This has popped revenues for the two publications, but the results also pose a serious warning to others. The “pay wall” works but only to a point. It does not come close to repeating the old magic formula where ads paid the freight for the whole enterprise.

Nancy Phillips
New types of “native advertising” are needed, as are events and memberships. And most importantly: a very strong print product.

Compare the Norcross strategy, which is an inferior version of an already failed and disastrous plan by The Boston Globe: Run two websites, one free and one pay-walled and present two distinct faces of your product to the public.

Bill Marimow
In the real world, this means that exists as the free “link-bait” driven, tarted-up face of The Inquirer and Daily News, while the real websites of the two publications, with more suitable demeanors, lay behind a formidable pay wall, without any sort of metered introduction, and no promotions.

The result?

Today’s Philadelphia Inquirer home page – the real Inquirer – gave an update on the 16,000 still without power in its region. told you about an app that allowed you to hook up with fellow fliers and have sex in the bathroom.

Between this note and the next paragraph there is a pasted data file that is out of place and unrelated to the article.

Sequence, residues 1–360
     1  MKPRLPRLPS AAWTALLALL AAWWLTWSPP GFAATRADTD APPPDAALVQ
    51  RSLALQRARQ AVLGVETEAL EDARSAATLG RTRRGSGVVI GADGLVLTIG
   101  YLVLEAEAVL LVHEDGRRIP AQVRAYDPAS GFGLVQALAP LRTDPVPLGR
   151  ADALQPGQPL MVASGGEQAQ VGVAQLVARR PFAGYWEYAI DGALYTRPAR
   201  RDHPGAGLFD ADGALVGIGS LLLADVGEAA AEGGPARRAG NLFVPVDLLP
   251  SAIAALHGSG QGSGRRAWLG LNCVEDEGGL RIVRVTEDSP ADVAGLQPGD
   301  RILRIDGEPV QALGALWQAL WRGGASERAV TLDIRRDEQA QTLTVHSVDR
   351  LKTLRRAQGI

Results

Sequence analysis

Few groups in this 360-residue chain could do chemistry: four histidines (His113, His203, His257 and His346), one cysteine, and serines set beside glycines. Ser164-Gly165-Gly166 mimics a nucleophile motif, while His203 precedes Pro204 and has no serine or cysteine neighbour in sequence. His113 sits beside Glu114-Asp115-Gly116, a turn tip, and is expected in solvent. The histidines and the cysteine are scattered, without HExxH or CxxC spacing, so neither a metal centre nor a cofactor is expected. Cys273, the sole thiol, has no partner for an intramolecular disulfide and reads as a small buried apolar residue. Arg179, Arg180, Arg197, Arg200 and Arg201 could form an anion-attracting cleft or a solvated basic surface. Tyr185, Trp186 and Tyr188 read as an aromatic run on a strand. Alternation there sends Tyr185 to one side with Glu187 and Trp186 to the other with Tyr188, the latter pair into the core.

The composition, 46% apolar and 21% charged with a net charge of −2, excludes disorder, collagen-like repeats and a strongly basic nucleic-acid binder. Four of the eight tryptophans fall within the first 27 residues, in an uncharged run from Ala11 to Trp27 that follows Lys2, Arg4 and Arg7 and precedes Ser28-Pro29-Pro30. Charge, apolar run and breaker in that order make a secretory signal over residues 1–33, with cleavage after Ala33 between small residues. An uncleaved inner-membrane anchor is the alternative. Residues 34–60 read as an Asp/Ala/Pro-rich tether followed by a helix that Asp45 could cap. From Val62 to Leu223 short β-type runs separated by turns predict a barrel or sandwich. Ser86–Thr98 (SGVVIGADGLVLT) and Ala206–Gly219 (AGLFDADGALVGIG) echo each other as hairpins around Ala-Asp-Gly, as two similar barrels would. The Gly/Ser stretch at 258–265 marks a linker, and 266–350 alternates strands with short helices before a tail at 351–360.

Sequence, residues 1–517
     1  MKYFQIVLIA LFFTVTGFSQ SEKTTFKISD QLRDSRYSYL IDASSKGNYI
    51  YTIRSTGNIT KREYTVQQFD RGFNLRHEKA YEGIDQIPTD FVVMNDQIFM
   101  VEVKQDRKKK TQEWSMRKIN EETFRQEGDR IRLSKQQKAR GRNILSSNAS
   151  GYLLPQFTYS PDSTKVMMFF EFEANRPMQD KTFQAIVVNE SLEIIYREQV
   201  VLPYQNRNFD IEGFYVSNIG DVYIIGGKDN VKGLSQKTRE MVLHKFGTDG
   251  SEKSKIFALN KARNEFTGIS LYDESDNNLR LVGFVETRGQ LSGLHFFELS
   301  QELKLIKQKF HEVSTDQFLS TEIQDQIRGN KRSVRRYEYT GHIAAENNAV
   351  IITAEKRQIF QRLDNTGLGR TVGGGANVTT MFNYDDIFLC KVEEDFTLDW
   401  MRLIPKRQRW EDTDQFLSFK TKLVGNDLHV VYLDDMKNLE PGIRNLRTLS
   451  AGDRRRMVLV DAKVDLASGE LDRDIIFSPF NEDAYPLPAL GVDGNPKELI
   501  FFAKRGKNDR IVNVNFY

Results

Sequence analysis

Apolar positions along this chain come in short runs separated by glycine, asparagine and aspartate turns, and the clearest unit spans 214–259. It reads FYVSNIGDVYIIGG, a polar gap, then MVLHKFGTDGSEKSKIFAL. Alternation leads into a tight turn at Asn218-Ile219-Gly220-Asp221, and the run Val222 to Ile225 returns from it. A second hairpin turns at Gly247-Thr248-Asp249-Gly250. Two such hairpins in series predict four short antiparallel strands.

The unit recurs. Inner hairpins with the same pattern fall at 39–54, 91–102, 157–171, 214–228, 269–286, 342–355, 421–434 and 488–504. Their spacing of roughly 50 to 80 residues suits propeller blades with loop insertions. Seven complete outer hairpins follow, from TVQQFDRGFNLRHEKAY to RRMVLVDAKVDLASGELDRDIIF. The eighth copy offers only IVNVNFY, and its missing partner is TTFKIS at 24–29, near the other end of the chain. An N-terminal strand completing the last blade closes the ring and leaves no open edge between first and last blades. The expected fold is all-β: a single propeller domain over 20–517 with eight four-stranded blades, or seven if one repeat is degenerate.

The strategy there is based on long ago tactics of pumping up page hits. The airplane sex blog is a quick redo of what is trending on search engines or Twitter and repeated on in hopes that more search engines will find and present more pages so that automatic web ad placement services will through a few micro-cents toward (766,361 other mentions of this app were present on Google at this writing, to give you a feel for the near infinite pit of competition casts itself into.)

The problem with that should be self-evident to any marketer or economist. When you commoditize your news in such a manner, you remove your value proposition. You’ll always be running in tenth or twentieth place in rankings, drain your local value, and be assigned low-rent “belly fat” ads.